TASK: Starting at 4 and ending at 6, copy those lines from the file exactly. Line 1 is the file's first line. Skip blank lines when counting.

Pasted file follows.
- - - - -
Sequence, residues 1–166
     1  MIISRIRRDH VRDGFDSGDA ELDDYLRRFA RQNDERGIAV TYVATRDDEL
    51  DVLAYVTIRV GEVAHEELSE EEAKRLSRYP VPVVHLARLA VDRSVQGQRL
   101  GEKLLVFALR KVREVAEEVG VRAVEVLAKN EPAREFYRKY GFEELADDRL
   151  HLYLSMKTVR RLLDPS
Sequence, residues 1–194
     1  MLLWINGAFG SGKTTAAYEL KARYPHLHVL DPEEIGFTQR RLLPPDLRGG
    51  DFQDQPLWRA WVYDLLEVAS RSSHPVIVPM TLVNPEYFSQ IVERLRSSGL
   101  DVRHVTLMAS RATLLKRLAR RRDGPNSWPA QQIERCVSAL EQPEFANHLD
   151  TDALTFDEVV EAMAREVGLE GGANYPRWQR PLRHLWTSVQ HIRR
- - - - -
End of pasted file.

   101  GEKLLVFALR KVREVAEEVG VRAVEVLAKN EPAREFYRKY GFEELADDRL
   151  HLYLSMKTVR RLLDPS
Sequence, residues 1–194